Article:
Every year, fires threaten and destroy the remaining natural habitats of Madagascar. Our project area in the Kirindy Forest is also acutely threatened by this. Due to slash-and-burn agriculture, deforestation in the region has steadily increased since 2010 and reached a sad peak in 2018 with almost 10,000 ha within the Aire Protégée Menabe Antimena (APMA).

We therefore increase our support for the maintenance of forest controls. As the Kirindy Forest is an important tourist attraction for wildlife viewing, its loss would be a disaster for tourism and, thus, for the economy in the Morondava region.

Moreover, the current development in Kirindy and the other dry forests of APMA is an ecological threat to all of Madagascar, as the area is home to more than 200 vascular plant species and the only refuge in the world for two mammal species: the Madagascar Giant Rat (Hypogeomys antimena) and the Madame Berthe’s Mouse Lemur (Microcebus berthae).

Can destroyed forest areas be restored?

With the support of the Fondation Yves Rocher and the Daimler Pro Cent Initiative, we have begun restoring burned areas in Kirindy with our partner CNFEREF. Altogether, we have planted 40 hectares and almost 50,000 trees in the last two years, with many local helpers involved in the project and providing the workforce for the planting activities. — The goal of the restoration is to restore the ecosystem and to return these areas to their original condition as closely as possible. — Whether and to what extent this can succeed requires accompanying evaluation and studies on the development of the reforestation areas.

In this context, we supported an initial study in 2022 to scientifically accompany the development of the afforestation areas. The basic idea here is also to compare with original and intact, as well as with successional areas (natural return of site-typical plants). In the long term, this provides information on whether active intervention with human selective enrichment afforestation is more efficient than natural succession.

The study was conducted by Sabrina Maminirina, a student at the Ecole Supérieure des Sciences Agronomiques of the University of Antananarivo, and supervised by Dr Voahirana Razafintsalama.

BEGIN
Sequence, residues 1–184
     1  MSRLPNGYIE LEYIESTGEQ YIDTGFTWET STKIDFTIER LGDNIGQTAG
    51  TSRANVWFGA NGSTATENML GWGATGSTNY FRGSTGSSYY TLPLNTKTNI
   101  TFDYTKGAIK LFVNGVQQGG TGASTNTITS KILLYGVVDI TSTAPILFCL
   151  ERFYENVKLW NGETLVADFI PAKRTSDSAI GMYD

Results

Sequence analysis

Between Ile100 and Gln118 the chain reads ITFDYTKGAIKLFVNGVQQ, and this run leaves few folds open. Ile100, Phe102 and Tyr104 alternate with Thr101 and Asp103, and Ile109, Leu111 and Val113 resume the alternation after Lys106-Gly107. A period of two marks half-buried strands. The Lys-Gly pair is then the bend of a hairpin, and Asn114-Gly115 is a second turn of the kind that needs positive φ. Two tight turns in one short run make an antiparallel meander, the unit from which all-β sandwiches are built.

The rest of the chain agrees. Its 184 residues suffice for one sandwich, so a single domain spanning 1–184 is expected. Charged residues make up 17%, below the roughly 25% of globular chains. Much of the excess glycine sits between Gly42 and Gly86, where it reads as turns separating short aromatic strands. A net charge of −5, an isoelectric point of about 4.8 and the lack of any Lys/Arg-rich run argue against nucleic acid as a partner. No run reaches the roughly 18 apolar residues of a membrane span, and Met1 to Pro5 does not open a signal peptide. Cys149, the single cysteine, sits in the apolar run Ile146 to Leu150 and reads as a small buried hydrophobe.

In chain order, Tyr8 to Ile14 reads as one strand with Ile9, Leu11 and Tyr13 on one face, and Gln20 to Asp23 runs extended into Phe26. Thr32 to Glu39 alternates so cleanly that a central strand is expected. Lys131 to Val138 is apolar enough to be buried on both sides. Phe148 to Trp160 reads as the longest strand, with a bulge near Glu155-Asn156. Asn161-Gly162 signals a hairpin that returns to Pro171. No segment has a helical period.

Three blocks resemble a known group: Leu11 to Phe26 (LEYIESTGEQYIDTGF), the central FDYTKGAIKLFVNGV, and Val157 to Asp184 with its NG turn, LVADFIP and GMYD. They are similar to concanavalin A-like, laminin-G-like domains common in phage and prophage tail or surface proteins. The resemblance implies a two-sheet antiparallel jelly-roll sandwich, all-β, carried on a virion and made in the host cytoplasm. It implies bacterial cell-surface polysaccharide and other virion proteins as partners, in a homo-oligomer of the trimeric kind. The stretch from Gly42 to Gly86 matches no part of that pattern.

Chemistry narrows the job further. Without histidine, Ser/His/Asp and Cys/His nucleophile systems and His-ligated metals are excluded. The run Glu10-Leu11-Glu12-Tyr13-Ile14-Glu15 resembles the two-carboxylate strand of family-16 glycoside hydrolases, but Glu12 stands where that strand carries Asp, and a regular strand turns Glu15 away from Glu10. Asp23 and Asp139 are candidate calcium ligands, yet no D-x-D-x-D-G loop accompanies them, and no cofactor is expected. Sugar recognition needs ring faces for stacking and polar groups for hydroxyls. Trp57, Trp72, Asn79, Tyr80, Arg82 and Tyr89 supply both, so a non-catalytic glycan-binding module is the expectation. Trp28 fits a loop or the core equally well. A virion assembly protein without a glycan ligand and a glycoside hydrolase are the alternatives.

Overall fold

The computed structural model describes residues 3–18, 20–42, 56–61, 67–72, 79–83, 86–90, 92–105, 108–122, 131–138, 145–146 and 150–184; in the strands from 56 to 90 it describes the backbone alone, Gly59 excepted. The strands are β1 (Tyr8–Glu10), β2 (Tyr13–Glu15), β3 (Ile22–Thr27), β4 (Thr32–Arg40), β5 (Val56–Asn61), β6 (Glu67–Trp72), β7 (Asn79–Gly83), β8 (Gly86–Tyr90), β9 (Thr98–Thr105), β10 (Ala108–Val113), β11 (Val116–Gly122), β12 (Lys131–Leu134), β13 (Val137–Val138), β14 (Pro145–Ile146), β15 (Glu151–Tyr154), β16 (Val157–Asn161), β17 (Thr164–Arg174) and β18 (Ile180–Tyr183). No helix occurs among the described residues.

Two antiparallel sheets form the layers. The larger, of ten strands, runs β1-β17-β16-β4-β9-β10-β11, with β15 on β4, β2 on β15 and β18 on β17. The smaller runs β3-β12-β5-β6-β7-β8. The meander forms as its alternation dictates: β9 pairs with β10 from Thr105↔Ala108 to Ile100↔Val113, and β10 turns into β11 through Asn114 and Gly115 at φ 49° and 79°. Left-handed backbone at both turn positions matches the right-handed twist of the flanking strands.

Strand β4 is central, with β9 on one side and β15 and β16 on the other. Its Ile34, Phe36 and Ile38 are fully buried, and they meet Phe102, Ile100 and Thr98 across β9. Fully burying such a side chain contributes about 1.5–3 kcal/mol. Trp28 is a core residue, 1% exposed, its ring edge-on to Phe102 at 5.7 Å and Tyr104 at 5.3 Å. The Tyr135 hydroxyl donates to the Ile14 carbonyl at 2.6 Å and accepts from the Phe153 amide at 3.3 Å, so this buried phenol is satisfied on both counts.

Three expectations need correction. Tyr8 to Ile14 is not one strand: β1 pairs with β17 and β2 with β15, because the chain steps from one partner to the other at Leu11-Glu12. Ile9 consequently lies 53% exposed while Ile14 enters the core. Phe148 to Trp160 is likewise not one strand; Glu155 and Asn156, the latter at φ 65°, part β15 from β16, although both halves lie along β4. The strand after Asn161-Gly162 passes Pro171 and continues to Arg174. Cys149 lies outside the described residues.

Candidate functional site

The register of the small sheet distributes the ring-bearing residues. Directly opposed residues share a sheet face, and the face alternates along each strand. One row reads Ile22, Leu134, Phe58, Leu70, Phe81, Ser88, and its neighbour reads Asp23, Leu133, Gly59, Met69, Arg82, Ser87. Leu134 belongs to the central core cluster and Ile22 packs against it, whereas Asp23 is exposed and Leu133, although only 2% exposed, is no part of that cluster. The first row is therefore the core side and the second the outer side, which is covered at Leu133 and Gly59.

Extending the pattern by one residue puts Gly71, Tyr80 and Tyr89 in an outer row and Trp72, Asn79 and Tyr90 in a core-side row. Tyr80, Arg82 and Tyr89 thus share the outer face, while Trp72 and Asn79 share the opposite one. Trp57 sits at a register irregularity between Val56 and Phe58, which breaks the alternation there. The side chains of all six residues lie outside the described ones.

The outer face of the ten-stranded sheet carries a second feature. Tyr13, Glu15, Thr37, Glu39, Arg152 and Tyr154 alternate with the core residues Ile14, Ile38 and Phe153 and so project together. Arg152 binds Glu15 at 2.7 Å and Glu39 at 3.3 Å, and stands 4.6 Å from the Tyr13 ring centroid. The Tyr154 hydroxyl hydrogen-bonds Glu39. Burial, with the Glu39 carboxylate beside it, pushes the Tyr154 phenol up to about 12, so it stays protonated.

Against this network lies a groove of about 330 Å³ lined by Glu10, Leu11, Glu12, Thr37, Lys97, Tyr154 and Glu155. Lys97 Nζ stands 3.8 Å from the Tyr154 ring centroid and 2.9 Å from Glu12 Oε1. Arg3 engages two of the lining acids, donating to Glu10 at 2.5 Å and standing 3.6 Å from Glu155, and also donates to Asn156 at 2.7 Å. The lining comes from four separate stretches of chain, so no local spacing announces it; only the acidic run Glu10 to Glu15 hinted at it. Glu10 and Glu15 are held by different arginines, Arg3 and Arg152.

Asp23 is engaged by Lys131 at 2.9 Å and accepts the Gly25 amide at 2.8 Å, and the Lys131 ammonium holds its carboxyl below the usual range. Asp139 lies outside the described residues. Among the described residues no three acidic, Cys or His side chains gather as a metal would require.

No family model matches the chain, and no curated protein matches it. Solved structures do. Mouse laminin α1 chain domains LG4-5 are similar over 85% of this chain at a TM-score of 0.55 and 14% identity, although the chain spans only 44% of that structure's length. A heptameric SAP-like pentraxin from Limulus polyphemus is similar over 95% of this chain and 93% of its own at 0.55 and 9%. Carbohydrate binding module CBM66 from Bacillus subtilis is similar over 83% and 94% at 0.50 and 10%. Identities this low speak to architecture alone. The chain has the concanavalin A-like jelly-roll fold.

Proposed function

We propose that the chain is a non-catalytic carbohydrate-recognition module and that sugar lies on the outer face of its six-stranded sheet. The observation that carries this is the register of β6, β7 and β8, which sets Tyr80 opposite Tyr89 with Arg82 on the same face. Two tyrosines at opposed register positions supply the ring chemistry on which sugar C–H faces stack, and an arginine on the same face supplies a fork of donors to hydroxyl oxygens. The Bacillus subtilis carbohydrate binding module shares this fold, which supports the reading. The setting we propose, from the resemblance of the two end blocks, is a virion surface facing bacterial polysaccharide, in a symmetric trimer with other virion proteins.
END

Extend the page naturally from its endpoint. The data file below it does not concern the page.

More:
Sabrina studied a total of 3 different areas:

  1. 1. Natural forest area
  2. 2. Burned area, reforested in 2020
  3. 3. Burned area without further interventions (natural regeneration, succession area)

Camera traps and acoustic recorders are used on all plots to document faunal diversity: Which species exist in the destroyed areas and which species recolonise the formerly burned areas first, if at all? The second part of the study includes an extensive botanical inventory of the three plots. In addition to floristic species composition, the study will also examine how many individuals of which plant species occur per hectare and how growth rates and forest structure differ. In the long term, the forest structure of the destroyed areas should increasingly approach its original state. For reforested areas, we expect a rapid adaptation to the original condition.

The project is particularly interesting in that it should provide answers as to which animal species may contribute to natural and human-assisted forest regeneration through seed dispersal, thereby increasing the diversity of tree species. Here we expect mainly lemurs but also birds such as parrots. The first results have detected an important seed disperser, the Verreaux’s Sifaka, after one year at the reforestation site.

Verreaux’s Sifakas feed on over 100 plant species in the Kirindy Forest and thus have great potential to increase the diversity of the reforested area. The data are currently still being evaluated, but we look forward to the study’s further findings to align our conservation measures in the Kirindy region in the long term and sustainably maintain the diversity of these unique forests.

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